Copyright © 2010 Society of Hospital Medicine


Research is a rapidly growing aspect of inpatient medicine. The practice of evidence‐based medicine and the acute need for more evidence on inpatient conditions require that pediatric hospitalists understand and participate in research related activities. Pediatric hospitalists' role in research will vary depending on their setting and job description. This role may include many facets, from reviewing relevant patient‐based articles, to participating in multi‐institutional studies requiring enrollment of patients, to leading local or national studies. Pediatric hospitalists need to have a basic understanding of research methods and process in order to participate in and benefit from research. This understanding contributes to the effective care of hospitalized patients.


Pediatric hospitalists should be able to:

  • Compare and contrast different types of study design such as case‐control, cohort, observational, and randomized control trials. Understand the advantages and disadvantages of each study design.

  • Name resources available to access current or proposed studies and funding sources such as the Agency for Healthcare Research and Quality (AHRQ), the National Institutes of Health (NIH), Robert Wood Johnson Foundation,, and others.

  • Discuss what resources are required to support research components of data collection, data analysis, abstract and manuscript preparation, grant funding and others.

  • Explain how results from articles published in the following formats apply to clinical practice:

    • Case reports and case series

    • Retrospective chart reviews

    • Secondary data analyses of large data sets

    • Randomized controlled trials

    • Meta analyses and systematic reviews

    • Practice Guidelines

    • Identify and efficiently locate the best available information resources to address questions in clinical practice, and conduct computerized scientific literature searches in a planned and systematic fashion.

    • Define basic statistical terms such as sample, discrete and continuous data variables, measures of central tendency (mean, median, and mode) and variability (variance, standard deviation, range).

    • Cite the various aspects of the research process including informed consent or assent, the role of institutional review boards (IRB), and HIPAA (Health Insurance Portability and Accountability Act).

    • Discuss special protections needed when conducting research with vulnerable populations. Define minimal risk for a healthy child and for a child with an illness.

    • List common barriers to implementation of clinical studies and describe pediatric hospitalists' role in overcoming these barriers.


Pediatric hospitalists should be able to:

  • Demonstrate proficiency in searching the medical literature for existing relevant clinical research for their inpatients.

  • Generate an answerable patient‐centered clinical question that is relevant to improving patient care.

  • Apply the results of studies to clinical practice by determining whether the study subjects were similar to patients being treated, whether all clinically important outcomes were considered, identify threats to validity, and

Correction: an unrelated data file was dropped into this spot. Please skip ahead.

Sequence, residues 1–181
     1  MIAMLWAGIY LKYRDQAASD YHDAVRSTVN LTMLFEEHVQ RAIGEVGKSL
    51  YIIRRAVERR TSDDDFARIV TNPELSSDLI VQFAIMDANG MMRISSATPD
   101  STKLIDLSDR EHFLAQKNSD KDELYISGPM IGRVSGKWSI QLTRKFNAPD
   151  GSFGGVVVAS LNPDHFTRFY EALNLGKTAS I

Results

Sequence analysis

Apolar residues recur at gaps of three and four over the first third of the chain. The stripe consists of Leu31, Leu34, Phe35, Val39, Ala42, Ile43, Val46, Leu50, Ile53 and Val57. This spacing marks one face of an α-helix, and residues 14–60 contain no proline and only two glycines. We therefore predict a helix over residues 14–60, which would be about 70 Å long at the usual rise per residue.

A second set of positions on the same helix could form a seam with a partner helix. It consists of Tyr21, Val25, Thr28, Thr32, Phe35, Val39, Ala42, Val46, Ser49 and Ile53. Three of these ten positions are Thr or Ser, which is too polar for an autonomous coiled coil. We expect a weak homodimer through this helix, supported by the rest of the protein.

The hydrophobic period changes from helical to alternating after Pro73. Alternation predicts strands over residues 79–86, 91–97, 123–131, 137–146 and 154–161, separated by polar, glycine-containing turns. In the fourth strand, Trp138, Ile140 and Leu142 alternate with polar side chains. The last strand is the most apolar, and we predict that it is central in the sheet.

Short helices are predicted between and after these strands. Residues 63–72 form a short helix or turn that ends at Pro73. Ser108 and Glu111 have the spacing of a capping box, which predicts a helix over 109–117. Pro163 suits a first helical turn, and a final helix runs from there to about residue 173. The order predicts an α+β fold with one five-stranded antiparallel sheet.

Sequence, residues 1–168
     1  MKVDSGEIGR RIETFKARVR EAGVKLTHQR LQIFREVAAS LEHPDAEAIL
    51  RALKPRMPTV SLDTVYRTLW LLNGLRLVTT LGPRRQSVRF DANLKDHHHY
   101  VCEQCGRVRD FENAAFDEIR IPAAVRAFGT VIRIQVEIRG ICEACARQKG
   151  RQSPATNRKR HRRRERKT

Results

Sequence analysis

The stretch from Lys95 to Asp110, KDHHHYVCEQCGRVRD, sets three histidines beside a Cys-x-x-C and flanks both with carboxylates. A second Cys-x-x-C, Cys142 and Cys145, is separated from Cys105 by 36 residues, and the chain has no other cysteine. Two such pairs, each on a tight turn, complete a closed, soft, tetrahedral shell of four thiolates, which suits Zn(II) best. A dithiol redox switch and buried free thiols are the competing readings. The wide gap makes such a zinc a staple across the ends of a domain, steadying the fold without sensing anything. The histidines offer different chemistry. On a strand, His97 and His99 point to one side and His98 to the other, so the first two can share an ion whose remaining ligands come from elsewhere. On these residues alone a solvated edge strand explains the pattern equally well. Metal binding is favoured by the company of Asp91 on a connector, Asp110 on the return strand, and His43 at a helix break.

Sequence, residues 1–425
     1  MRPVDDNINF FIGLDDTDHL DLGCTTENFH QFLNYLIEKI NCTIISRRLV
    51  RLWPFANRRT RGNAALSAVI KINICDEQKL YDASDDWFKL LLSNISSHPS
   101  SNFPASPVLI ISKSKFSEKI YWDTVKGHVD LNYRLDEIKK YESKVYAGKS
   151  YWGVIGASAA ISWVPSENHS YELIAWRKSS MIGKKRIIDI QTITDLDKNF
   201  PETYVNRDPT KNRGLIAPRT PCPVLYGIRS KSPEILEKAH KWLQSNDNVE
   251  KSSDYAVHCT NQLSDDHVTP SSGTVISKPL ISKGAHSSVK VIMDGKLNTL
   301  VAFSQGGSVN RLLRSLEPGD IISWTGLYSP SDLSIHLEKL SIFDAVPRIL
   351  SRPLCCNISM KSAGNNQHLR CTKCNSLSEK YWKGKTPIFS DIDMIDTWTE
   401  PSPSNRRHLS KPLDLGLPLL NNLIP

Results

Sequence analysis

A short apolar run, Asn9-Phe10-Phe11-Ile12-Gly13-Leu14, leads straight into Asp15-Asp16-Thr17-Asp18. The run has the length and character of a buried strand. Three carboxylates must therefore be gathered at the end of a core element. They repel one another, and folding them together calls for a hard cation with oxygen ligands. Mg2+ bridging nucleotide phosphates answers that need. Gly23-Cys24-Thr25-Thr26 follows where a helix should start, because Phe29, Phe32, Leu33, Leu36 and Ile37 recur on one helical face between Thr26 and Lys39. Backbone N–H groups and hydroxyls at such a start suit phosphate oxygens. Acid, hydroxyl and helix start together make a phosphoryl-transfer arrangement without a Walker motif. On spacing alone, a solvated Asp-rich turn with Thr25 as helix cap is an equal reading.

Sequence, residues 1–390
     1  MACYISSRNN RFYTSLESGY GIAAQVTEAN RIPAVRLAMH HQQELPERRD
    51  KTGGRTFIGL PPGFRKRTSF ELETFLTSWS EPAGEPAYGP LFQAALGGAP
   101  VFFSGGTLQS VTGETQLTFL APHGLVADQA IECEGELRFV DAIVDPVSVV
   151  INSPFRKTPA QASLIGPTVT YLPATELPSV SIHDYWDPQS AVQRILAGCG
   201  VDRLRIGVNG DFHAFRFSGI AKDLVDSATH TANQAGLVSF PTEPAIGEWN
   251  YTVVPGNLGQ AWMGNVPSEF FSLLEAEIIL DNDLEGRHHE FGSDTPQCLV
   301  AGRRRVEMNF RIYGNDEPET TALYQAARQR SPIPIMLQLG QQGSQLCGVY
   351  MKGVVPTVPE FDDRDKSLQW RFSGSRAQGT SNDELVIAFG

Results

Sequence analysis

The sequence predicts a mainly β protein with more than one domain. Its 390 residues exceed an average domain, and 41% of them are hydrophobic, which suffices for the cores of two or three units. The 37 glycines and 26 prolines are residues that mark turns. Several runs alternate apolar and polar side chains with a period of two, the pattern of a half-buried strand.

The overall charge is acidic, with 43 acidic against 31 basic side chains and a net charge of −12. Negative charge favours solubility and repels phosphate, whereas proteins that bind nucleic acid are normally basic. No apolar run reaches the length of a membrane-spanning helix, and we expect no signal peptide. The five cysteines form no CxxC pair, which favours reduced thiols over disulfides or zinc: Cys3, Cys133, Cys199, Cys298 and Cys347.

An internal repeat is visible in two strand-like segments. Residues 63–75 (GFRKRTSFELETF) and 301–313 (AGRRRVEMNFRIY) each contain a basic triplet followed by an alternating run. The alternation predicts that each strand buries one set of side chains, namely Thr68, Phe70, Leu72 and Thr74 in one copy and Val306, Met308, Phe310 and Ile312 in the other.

• For treatment studies, describe whether the likely benefits are worth the potential harm and cost.

    • For studies of diagnostic tests, describe whether the test is available, affordable, accurate and precise in the present clinical setting, and whether the results of the test will change the management of patients being treated.

    • For studies of harm, describe whether the magnitude of risk warrants an attempt to stop the exposure.

    • For studies of prognosis, describe whether the results of the study will lead directly to selecting therapy and/or are useful for counseling patients.

    • Provide effective informed consent or assent for patients participating in research studies as appropriate.


Pediatric hospitalists should be able to:

  • Appreciate the importance of full informed consent for purposes of patient participation in clinical research.

  • Appreciate the importance of patient assent, even in the presence of legal guardian informed consent, when involving children in clinical research.

  • Demonstrate highly ethical principles in participating in research studies.

  • Avoid conflict of interest or potential conflict of interest in participation in research studies.

  • Acquire, manage, and share data collected for research purposes in a responsible and professional manner, maintaining high standards for protecting confidentiality, avoiding unjustified exclusions, sharing data, and adhering to copyright law.

Systems Organization and Improvement

In order to improve efficiency and quality within their organizations, pediatric hospitalists should:

  • Encourage participation of interdisciplinary teams including nursing, social work, nutrition, pharmacy, and others in performance of research.

  • Advocate for thoughtful application of research findings to improve systems of healthcare delivery.

  • Support national multi‐center research efforts that improve the evidence base in inpatient pediatrics. Where appropriate, encourage participation local hospital involvement in these efforts.

  • Recognize, support and promote efforts of research team members (analyst, data collector, statistician, nursing, and others).

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